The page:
Stranded Assets: There are a few ways that coal, oil and gas reserves could become “stranded assets” basically, assets that have lost their value. The first way is if we limit global warming to 2 degrees through government regulation and cheap and abundant clean energy. If global warming is limited to 2 degrees, then this essentially means roughly 80% of fossil fuels have to stay in the ground, devaluing the coal, oil and gas reserves that these 200 companies have on the books.
On the other hand if there is no limit to how much fossil fuel we burn unabated and we head towards 6 degrees of warming, then vulnerable sectors will be affected. Agriculture, infrastructure, property and insurance sectors will suffer across asset classes. Hurricane Sandy caused $65 billion in damages alone, and wasn’t limited to the fossil fuel sector. 21st Century stranded assets could result due to extreme weather, crop production yields declining, acidifying oceans, health concerns and many other climate related drivers.
Using the NYC comptroller’s clout, shareholders can and have moved companies to adopt more environmentally responsible practices. The comptroller should continue to lead shareholder advocacy campaigns with companies in a wide range of sectors to set greenhouse gas emission goals, improve energy efficiency across operations and source more renewable energy.
But, there is an inherent conflict of interest for investors to advocate that coal, oil and gas companies stop the production of fossil fuels given that it is their core business. Investors might persuade a coal company to put more protective linings in the land pits where it stores coal ash, but there is little rationale for investors to ask a company to stop pursuing the very activity that generates its revenues. So while shareholder advocacy remains an excellent vehicle for improving corporate sustainability in many areas, it is less effective as a tool for changing the overall orientation of industries whose business models depend on producing fossil fuels.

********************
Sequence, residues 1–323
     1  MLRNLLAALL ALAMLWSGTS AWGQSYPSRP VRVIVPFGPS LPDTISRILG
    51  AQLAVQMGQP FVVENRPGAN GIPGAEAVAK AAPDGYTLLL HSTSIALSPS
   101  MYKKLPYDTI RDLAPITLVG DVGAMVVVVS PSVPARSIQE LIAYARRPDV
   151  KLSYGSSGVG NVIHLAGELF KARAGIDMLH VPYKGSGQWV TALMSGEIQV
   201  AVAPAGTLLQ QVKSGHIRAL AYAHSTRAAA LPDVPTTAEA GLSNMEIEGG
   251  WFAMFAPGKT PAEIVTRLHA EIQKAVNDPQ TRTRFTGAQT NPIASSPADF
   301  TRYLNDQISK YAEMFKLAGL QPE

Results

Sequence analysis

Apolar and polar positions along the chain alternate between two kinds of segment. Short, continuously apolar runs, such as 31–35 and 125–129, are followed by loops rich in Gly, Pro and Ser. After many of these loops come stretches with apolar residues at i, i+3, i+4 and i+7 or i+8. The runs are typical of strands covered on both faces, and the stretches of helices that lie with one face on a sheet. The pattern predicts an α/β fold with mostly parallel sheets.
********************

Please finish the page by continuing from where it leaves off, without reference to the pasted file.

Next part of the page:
Being a fiduciary responsible for investing other peoples’ money means that you have a say in how investment risk is measured and recommendations implemented. There is significant latitude in the laws governing fiduciaries to encompass fossil fuel divestment. Adam Kanzer, managing director and general counsel of Domini Social Investments recently wrote: “First and foremost, fiduciaries must be dedicated to their beneficiaries’ financial goals. This requires a deep understanding of risk and opportunity, including those relating to “social issues” that affect consumer demand and the broader economy, or impose legal risks and operational costs (e.g., cleanup costs). The debate has moved on from the artificial, bifurcated view of reality that views the investment portfolio in isolation from the real world. A modern fiduciary must understand how the corporation affects the health of the systems upon which it depends for its long-term survival.”
While we do not require that the city reinvest in specific areas, New York City could benefit from reinvesting funds into new building projects, energy efficiency, public transportation and other green infrastructure projects, all of which often have better returns than fossil fuel stocks and bonds.
For references and more information visit 350.org’s divestment campaign.
2014 – 2016 City Divestment Campaign